Intro: #XDAY is coming in 2016
A classically trained pianist and composer as well as an accomplished drummer, Yoshiki is the power behind the musical titans that are X Japan.
Legends in their homeland, the band formed in the early 1980s and were massively influential (and much imitated!) pioneers in the Visual Kei genre, a sartorially flamboyant blend of glam and thrash metal.
They became stadium-filling stars before splitting in 1997. Since reuniting in 2007 they’ve released a few singles and live recordings but no studio albums, so fans have reacted with slavering anticipation to the announcement that a new album and a documentary are due out in March 2016.
“I composed a lot of songs since we reunited but for some reason, it didn’t feel right,” says Yoshiki about the upcoming release. “Actually a few years ago we were supposed to make an album, it was 50% old hits but with English lyrics, and 50% new songs, but I thought since we are creating a new album we might as well do entirely new songs. So I changed my mind and started writing more songs.
"It was almost completed, then we played a show in Madison Square Garden in October 2014. That show was big for us because we’d toured the US in venues with a couple of thousand, but that’s over 10,000 people in Madison Square Garden. That was very inspirational so I started writing more songs, then I said, ‘This is it, we have to release it because it’s been almost twenty years since the last album.’”
The last time X Japan played London they packed Shepherd’s Bush Empire, but now they’re jumping up the scale to Wembley Arena for what they’re calling #XDAY. “It’s a very special event,” says Yoshiki.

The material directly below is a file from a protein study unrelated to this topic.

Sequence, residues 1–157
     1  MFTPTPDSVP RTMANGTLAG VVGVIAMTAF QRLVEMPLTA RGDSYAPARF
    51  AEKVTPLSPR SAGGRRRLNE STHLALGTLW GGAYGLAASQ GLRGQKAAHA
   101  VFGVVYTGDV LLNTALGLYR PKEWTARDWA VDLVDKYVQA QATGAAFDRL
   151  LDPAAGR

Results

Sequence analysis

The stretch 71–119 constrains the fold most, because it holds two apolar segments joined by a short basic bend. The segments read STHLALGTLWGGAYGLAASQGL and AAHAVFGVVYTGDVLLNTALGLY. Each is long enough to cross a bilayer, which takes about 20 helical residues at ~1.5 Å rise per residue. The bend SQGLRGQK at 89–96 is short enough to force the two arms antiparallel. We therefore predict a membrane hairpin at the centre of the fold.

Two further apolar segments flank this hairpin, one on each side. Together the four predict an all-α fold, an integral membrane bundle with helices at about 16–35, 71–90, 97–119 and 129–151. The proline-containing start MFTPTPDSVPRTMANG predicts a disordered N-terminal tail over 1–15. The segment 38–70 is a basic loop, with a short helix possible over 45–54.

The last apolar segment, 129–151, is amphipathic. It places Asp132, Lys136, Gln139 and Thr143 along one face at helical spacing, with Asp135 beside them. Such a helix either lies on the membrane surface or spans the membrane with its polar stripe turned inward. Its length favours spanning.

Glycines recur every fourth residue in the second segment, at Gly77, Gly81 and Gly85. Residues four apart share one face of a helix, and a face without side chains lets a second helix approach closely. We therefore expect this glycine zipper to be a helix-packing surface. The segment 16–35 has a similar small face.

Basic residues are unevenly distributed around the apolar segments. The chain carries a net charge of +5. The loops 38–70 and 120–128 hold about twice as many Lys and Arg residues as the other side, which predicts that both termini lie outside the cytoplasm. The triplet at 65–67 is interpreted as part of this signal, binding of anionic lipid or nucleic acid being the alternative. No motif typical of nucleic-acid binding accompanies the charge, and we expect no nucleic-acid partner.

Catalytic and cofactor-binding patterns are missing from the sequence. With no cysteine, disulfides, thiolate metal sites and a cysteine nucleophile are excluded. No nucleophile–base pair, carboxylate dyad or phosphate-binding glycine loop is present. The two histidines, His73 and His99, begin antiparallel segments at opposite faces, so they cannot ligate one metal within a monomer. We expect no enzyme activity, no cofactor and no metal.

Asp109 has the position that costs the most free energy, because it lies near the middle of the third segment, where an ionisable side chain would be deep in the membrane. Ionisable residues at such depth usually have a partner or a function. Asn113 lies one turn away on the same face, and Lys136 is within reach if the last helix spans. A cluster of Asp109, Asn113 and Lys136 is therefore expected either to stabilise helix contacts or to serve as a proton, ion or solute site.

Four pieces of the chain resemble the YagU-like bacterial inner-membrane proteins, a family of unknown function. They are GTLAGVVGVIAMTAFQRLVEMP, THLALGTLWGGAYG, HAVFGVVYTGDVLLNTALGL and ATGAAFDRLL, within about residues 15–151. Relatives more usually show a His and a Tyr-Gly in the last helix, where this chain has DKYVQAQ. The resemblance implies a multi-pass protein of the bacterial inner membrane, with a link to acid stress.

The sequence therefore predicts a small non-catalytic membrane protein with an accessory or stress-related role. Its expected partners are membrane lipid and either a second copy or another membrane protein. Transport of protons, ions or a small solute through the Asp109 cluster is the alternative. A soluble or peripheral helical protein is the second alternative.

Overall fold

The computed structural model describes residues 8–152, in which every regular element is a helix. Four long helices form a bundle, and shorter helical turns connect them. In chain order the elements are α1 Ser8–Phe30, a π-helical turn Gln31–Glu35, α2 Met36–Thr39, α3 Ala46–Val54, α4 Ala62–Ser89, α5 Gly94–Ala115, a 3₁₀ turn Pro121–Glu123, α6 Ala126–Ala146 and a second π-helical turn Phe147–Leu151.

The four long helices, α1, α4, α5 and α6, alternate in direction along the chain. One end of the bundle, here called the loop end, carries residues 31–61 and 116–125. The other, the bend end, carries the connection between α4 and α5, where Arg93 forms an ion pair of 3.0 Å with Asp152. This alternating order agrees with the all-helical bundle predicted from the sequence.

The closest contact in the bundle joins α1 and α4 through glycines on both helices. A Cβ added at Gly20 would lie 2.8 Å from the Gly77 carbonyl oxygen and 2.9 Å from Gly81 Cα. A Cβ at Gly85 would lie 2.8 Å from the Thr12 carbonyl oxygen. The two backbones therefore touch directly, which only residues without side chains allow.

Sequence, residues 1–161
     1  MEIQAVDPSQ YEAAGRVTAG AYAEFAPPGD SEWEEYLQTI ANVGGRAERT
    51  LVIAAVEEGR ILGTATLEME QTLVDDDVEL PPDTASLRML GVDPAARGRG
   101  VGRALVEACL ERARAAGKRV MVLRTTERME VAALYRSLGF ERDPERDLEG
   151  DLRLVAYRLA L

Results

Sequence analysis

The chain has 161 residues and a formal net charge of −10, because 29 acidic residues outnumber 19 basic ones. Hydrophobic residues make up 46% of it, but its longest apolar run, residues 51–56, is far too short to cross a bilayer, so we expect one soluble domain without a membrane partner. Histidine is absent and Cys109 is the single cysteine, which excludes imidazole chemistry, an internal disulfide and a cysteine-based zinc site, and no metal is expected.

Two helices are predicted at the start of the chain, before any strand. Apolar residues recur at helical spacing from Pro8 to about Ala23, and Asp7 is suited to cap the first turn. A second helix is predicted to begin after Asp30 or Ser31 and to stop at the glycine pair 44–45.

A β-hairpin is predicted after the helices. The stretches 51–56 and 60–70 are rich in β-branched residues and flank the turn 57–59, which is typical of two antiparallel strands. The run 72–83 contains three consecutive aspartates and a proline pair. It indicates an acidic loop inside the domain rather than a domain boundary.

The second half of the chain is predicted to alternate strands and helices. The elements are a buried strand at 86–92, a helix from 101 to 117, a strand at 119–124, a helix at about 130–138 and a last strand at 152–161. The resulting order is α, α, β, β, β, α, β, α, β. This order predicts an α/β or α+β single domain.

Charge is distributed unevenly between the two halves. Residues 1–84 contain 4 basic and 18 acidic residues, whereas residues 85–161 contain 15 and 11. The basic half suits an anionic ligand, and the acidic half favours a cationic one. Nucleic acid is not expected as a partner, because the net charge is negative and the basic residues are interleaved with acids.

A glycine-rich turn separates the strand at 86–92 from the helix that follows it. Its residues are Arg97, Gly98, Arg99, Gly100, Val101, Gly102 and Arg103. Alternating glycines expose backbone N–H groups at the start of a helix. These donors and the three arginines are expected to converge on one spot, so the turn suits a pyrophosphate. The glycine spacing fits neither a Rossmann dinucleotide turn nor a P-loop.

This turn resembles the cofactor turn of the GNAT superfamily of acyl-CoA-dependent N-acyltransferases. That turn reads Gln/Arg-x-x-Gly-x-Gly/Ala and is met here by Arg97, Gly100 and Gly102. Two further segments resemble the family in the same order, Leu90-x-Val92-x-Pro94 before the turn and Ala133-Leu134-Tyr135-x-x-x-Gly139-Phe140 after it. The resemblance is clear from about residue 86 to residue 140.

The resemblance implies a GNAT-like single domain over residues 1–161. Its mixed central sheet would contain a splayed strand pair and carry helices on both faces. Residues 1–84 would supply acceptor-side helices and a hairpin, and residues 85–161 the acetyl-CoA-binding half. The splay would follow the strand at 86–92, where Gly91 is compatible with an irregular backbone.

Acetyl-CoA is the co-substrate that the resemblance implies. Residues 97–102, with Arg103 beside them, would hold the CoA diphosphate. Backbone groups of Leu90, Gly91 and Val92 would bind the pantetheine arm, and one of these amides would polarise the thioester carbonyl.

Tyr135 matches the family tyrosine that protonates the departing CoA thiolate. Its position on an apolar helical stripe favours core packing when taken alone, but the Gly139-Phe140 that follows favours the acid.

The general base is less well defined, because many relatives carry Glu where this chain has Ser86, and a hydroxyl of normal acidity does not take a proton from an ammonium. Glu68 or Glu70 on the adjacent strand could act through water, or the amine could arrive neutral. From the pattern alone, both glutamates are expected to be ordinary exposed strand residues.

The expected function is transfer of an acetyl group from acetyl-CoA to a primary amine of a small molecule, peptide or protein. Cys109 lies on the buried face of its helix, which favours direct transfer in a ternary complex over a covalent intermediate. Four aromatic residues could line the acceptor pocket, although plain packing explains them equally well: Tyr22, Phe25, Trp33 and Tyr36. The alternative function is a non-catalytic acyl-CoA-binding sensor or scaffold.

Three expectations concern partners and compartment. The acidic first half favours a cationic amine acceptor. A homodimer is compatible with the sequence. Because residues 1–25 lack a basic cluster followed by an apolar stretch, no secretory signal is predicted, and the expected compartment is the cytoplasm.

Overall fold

“Our fans are amazing, they spread our music. Wembley might be a big jump but we are also premiering our film, so that show is going to be for the first 90 minutes you watch the film, then a 30-40 minute break before the show kicks in.”
But who are the drummers that helped to inspire Yoshiki to pick up the sticks in the first place?
1. John Bonham, Led Zeppelin
“Number one on the list should be John Bonham for sure,” says Yoshiki.
“I started playing Led Zeppelin covers of them when I was twelve years old. I started playing drums when I was ten. I would go, ‘How did he play that? One kick drum?’ That was very impressive. He was one of the reasons I kept playing drums.”
Yoshiki names Led Zeppelin IV as his favourite album by the band. It was Bonham who popularised the use of acrylic drums with his Ludwig Amber Vistalite set that he played between 1973 and 1975. Yoshiki’s live kit of choice with X Japan is a clear acrylic set that was custom made for him by Tama.
“It’s great for the lighting,” he says. “Sound-wise, it’s not ideal. You need to hit so hard to get the sound, because the shells don’t ring. If it’s wood, it rings more but acrylic doesn’t ring at all, it’s basically just the head so it’s not easy to play those kinds of drums. You have to hit really hard.”
2. Cozy Powell, MSG, Whitesnake, Rainbow, Black Sabbath, etc
When Yoshiki first started drumming as a kid, he just had a single bass drum set up, but that wasn’t to last. “Then eventually Cozy Powell influenced me to start playing double bass drums,” he says.
Powell played with many of the biggest names in rock during his remarkable career, including a cutting a string of classic albums with Rainbow. “Stargazer! We did a cover of that. It’s signature Cozy Powell,” says Yoshiki.
Powell used to play his epic, bombastic drum solos to classical compositions, including The 1812 Overture by Tchaikovsky. Now Yoshiki is following in his footsteps when he does his solos.
“I usually use Rachmaninov or Tchaikovsky, sometimes own of my own classical compositions,” he says. “I like to improvise. Because I love double bass so much I keep the kicks going, sometimes going faster or slower, then I play triplets or sixtuplets over that.
"I practiced so much just double bass, I can do completely different things with my hands and feet. I can play different beats on top of what’s going on. That’s my strength I think. So the double bass is always going then I can do whatever on top.”
3. Peter Criss, KISS
“He’s not only a drummer, he’s also a singer. When he sang Beth, that influenced me,” says Yoshiki, who first saw KISS perform when he was just a kid.